“If the word was delivered publicly, then a public apology (and/or explanation/clarification) should be presented,” it continues. “This is not meant to be a punishment but rather a mature act of love to protect the honor of the Lord, the integrity of prophetic ministry and the faith of those to whom the word was given.” The statement also calls for prophets to have their prophecies evaluated by peers in the movement, adding, “Those refusing such accountability should not be welcomed for ministry.”
James Beverly, a Toronto-based researcher of the movement, noted that the statement “chose the diplomatic path” in not naming some of the most egregious groups and individuals.
“While this is commendable since it provides an opportunity for various prophets to improve without being named, it runs the risk of not bringing to light those prophets who bring dishonor to the Christian world through reckless statements and false prophecies,” he said in a statement.
Beverley, author of “God’s Man in the White House” (a collection of 500 prophecies about Trump), noted that “these important standards will probably have the least impact among so-called prophets who continue to venerate Trump without limit and show no regret for false prophecies and ridiculous claims about January 6 (the Capitol raid), January 20 (President Joe Biden’s inauguration) and the future of Trump.”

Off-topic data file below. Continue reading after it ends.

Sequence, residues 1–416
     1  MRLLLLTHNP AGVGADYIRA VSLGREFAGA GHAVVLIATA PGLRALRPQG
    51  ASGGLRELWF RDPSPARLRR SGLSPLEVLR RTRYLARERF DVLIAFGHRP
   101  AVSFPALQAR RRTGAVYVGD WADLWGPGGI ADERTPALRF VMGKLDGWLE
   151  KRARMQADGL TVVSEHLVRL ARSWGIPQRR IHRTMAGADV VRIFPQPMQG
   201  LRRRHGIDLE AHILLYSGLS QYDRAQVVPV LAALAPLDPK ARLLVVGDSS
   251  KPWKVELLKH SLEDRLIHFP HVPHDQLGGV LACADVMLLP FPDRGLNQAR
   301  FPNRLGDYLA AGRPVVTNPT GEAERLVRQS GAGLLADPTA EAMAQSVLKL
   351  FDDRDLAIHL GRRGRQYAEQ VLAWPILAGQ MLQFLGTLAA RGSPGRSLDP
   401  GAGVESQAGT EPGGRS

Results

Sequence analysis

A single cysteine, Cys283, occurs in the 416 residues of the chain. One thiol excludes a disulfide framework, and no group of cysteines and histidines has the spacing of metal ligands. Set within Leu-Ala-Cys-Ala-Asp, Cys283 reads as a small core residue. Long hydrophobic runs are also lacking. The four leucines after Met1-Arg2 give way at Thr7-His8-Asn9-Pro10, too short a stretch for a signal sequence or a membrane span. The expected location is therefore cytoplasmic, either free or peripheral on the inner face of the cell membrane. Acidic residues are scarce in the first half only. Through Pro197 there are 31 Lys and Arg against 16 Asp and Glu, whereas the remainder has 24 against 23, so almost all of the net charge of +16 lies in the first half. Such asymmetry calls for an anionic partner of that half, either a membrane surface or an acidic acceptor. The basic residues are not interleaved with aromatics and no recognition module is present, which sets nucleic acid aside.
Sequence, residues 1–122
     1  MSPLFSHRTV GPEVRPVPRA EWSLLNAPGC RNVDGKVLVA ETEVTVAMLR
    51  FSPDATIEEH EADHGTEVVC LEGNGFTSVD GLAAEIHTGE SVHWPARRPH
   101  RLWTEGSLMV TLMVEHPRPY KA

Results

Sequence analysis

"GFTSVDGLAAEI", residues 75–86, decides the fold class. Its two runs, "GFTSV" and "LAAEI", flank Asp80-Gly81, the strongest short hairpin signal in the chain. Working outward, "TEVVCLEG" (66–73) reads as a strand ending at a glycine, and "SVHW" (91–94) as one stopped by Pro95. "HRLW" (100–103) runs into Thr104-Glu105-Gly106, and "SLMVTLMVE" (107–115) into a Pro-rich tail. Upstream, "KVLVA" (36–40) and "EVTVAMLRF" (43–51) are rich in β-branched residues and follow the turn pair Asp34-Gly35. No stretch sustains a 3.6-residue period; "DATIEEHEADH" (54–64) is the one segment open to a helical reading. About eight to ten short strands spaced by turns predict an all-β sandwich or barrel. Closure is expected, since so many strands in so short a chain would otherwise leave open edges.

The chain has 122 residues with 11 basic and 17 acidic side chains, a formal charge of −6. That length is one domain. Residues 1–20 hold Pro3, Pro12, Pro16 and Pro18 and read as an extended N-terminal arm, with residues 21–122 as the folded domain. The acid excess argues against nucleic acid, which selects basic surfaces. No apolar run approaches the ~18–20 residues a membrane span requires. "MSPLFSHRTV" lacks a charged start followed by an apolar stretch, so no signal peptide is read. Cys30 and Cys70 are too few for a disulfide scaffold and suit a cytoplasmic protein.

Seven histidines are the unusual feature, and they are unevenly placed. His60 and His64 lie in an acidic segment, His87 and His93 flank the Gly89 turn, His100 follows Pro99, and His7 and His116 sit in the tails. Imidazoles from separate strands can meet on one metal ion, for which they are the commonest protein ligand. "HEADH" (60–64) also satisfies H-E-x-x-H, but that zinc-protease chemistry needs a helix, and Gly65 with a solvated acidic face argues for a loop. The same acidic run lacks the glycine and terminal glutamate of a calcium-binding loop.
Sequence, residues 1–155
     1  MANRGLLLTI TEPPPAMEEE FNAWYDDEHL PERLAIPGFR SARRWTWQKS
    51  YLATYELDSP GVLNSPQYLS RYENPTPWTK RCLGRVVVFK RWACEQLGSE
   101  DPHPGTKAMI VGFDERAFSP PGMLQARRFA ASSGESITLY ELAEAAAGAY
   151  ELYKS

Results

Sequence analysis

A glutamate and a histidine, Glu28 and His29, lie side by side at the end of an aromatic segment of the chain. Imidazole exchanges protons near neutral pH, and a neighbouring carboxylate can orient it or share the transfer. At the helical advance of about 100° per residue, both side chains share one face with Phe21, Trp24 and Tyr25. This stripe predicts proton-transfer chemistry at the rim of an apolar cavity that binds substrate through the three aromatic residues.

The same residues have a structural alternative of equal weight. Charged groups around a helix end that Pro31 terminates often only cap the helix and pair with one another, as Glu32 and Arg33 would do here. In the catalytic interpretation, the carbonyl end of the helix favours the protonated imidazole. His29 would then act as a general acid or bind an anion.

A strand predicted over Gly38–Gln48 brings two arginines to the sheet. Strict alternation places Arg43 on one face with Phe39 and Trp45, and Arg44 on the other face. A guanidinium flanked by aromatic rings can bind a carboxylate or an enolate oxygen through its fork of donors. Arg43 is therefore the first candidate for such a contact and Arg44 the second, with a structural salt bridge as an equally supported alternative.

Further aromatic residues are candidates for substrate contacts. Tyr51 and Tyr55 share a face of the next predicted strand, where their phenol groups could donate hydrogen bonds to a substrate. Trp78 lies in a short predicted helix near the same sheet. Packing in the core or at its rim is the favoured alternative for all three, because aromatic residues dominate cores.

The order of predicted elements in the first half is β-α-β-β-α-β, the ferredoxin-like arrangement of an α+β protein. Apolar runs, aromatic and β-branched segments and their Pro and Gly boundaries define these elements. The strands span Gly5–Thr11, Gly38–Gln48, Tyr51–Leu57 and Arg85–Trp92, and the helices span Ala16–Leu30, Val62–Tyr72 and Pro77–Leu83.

The statement has been in the works since early February, when Michael Brown, president of AskDrBrown Ministries and Bishop Joseph Mattera, convenor of the U.S. Coalition of Apostolic Leaders, began drafting it. The statement was then reviewed by more than a dozen people during subsequent Zoom meetings.
“It seems to have sparked greater interest and momentum than we expected,” Brown said last week during an interview at his Charlotte, N.C., headquarters. “We’ve a real hope that it’ll be a corrective to error and an encouragement to positive expression.”
The theologically diverse prophetic movement includes Christians from many denominations and groups. Brown said pastors and individuals were asking for guidance and outsiders were raking the movement across the coals for theological sloppiness.
“We’ve heard from many pastors saying ‘How do we clean up this mess?’” he said. “It also gives guidelines for all believers to test what they’re hearing on the internet and TV. Hopefully, if the body of Christ can be more discerning, there can be less of a market for error.”